Pusher syndrome is a postural disorientation related disorder that is most commonly found in stroke patients. During this condition, the left or the right brain of the patient is damaged. This causes the patient to actively push away from the unaffected side, leading to a loss of postural balance. It most commonly occurs due to disruption in sensory channels.
When patients are affected by pusher syndrome, they often have the tendency of unconsciously pushing towards their affected side. Thus, rehabilitation is crucial to correct this disorder.
How physiotherapy can help pusher syndrome patients
The first goal of physiotherapy for patients suffering from pusher syndrome is to make them realize their misconception of vertical. The next important goal is to increase their base support so that their anxiety can be lowered and stability can be improved. Next, steps are taken to encourage weight bearing on the unaffected side and away from the weaker (affected) side. This is done to restore symmetry of the body.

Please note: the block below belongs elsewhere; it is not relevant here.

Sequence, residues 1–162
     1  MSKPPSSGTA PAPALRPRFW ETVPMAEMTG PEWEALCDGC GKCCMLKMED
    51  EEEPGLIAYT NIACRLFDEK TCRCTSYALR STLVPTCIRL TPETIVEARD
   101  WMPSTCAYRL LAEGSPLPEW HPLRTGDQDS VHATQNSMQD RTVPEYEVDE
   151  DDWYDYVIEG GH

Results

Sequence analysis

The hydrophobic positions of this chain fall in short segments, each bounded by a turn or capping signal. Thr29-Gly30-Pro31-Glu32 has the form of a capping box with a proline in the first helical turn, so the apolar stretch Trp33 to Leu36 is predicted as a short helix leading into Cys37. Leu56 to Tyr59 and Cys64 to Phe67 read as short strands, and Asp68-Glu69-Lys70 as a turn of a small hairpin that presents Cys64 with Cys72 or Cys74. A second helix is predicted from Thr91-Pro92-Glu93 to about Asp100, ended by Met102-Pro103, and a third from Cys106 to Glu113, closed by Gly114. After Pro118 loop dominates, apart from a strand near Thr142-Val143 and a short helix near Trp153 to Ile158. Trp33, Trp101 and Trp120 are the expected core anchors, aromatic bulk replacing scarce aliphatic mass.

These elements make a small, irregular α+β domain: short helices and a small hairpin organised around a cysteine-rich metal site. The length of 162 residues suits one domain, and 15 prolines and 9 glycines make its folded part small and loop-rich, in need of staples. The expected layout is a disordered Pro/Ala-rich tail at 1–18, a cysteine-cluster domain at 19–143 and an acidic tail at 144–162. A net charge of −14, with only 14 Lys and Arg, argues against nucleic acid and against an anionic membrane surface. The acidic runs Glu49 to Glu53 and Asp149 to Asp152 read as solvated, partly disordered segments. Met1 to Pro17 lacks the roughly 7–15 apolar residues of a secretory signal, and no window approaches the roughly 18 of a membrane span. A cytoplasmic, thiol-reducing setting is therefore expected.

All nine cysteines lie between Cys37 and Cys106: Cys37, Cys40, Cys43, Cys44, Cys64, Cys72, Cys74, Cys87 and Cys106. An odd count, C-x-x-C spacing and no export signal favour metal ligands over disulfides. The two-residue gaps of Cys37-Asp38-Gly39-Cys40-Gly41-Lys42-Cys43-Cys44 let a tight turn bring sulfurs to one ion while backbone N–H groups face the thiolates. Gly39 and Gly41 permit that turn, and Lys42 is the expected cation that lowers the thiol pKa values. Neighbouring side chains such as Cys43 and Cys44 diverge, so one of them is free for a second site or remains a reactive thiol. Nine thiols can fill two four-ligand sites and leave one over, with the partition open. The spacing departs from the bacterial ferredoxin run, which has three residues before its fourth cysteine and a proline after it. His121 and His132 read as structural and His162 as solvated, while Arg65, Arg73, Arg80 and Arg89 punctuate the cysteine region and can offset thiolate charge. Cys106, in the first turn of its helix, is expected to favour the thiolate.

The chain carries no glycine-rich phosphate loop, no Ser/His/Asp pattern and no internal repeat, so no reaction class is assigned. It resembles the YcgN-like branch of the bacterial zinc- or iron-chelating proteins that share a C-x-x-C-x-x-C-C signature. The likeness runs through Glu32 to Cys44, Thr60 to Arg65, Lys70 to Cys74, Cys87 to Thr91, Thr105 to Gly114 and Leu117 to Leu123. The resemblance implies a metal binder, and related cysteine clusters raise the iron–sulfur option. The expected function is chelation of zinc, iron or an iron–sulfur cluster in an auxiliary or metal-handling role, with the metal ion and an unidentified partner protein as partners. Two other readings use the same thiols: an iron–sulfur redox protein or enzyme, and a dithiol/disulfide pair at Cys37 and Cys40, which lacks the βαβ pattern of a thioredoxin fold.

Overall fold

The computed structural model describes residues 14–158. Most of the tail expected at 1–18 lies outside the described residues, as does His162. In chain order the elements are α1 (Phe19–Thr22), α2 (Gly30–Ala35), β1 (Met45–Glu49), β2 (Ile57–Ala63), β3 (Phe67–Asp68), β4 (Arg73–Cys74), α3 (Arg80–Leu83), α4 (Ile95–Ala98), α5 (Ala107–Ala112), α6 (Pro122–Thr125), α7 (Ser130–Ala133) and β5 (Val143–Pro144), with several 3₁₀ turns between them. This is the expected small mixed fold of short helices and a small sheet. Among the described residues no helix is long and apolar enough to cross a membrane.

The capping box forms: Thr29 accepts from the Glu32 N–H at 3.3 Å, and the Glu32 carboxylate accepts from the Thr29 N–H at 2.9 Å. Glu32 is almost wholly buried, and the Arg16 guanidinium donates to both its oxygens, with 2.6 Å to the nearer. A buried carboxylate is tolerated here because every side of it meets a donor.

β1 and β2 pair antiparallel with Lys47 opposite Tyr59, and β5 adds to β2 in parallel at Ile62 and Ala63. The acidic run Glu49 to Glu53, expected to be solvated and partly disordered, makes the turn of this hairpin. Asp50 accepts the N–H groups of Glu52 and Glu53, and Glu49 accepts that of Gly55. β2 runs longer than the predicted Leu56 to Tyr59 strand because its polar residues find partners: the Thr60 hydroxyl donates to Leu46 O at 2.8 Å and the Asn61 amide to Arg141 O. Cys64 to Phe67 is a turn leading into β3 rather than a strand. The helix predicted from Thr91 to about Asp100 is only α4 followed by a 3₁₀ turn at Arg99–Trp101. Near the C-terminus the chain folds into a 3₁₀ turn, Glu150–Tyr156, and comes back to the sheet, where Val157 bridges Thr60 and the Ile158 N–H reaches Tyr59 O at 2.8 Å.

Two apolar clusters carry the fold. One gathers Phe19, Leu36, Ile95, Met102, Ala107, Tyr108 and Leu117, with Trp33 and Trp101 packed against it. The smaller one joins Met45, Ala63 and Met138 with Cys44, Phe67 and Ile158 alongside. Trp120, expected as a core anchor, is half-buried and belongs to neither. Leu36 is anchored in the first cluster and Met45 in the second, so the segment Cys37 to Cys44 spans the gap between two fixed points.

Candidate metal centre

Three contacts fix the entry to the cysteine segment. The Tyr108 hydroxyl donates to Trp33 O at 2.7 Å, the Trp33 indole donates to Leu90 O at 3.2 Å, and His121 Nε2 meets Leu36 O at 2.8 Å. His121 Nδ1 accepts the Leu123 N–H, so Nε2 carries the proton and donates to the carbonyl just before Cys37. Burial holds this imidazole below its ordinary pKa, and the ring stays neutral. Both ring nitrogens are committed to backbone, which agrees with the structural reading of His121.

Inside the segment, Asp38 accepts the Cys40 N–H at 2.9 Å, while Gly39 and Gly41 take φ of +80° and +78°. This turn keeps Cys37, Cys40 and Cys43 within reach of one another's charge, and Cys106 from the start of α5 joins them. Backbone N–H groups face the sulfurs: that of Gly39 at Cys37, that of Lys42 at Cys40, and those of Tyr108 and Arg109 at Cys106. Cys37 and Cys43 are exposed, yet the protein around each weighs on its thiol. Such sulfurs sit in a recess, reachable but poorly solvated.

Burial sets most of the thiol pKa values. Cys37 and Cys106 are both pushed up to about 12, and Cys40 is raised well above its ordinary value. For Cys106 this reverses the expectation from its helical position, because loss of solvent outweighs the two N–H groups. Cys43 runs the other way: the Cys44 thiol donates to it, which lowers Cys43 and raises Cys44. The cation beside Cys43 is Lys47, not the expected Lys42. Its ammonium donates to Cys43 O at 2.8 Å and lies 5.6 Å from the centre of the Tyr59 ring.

Thus, the treatment procedure adopted by physiotherapy mainly aims at making the patients realize their altered perception of vertical, improve their stability, use visual aids for generating feedbacks on body orientation, learn new movements and alter existing postures in such a manner that the correct vertical position can be achieved.
How do physiotherapists do this? They make use of visual feedback. Through visual feedback, the ability of patients to align themselves is encouraged. Spatial awareness is also created in patients. Physiotherapists generally use mirror or doorframes or any such vertical frames for generating visual feedback.
Like every other disease, if neglected, pusher syndrome can be a serious problem. Patients would be so inclined towards pushing them to the affected area, that they may lose balance completely and fall.
Hence, treatment in the form of visual feedback, therapy and other training procedures will not only help in curing the patient from the ailment but will also help them lead an independent life. For more details on pusher syndrome, contact us at HCR.